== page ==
Cortesía de Volvo Bil Polanco Fuel Formula One fuel cannot contain compounds that are not found in commercial gasoline. Blends are tuned for maximum performance in given weather conditions or different circuits. To make sure that the teams and fuel suppliers aren't violating the fuel regulations, the FIA requires Elf, Shell, Mobil, and the other fuel teams to submit a sample of the fuel they are providing for a race. At any time, FIA inspectors can request a sample from the fueling rig to compare the "fingerprint" of what is in the car during the race with what was submitted.
Cortesía de Volvo Bil Polanco Tyres & Brakes By regulation, the tyres feature a minimum of four grooves in them, with the intention of slowing the cars down. They can be no wider than 355 mm and 380 mm at the front and rear respectively. A tyre is built to last just one race distance, a little over 300 km. These brakes are designed and manufactured to work in extreme temperatures, up to 1,000 degrees Celsius. The driver can control brake force distribution fore and aft to compensate for changes in track conditions. An average F1 car can decelerate from km/h in about 17 metres. Usual braking forces for an F1 car are 4.5 g to 5.5 g when braking from 300 km/h.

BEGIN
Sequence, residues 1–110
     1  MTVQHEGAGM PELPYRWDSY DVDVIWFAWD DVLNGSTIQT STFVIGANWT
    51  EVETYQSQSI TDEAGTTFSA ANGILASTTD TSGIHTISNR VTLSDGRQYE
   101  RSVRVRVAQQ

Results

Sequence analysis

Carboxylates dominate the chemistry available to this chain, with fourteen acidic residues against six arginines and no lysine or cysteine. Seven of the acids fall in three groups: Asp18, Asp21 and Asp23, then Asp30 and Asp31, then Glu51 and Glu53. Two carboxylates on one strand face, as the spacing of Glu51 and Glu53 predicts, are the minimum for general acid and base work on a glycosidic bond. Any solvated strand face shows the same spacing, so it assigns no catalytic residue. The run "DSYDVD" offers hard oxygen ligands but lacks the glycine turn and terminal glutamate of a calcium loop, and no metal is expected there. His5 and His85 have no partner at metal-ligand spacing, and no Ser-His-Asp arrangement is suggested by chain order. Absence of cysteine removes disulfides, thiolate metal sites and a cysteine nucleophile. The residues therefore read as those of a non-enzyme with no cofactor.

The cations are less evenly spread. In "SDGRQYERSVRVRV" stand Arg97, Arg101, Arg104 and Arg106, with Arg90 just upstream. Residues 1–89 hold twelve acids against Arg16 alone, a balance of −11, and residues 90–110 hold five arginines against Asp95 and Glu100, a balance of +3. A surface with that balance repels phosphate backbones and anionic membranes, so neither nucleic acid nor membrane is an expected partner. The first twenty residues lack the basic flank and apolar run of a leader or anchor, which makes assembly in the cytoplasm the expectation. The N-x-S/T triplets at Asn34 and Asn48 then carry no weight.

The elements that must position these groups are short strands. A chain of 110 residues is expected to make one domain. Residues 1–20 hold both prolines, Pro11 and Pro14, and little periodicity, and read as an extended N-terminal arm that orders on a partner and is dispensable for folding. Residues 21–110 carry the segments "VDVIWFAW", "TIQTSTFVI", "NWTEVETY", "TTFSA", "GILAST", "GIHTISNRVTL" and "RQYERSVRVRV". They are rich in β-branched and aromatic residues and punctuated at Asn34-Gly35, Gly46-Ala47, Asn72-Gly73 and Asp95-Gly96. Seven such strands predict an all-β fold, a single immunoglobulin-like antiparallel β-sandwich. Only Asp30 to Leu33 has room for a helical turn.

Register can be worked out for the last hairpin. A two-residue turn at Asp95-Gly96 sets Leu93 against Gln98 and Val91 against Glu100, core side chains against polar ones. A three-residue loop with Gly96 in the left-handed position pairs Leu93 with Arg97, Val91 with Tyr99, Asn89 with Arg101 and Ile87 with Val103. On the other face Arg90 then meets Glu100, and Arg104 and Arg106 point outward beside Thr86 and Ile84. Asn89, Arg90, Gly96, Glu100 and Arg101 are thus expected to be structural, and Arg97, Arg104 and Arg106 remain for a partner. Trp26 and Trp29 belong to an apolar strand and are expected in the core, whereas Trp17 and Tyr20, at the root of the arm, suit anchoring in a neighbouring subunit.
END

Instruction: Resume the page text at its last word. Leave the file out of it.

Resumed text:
Cortesía de Volvo Bil Polanco Performance Every F1 car on the grid is capable of going from nought to 160 km/h and back to nought in less than five seconds. Grand Prix cars can negotiate corners at significantly higher speeds than other racing cars because of the intense levels of grip and downforce. Cornering speed is so high that Formula One drivers have strength training routines just for the neck muscles. The combination of light weight (605 kg), power (950 bhp), aerodynamics, and ultra-high performance tyres is what gives the F1 car its performance figures. The principal consideration for F1 designers is acceleration, and not simply top speed.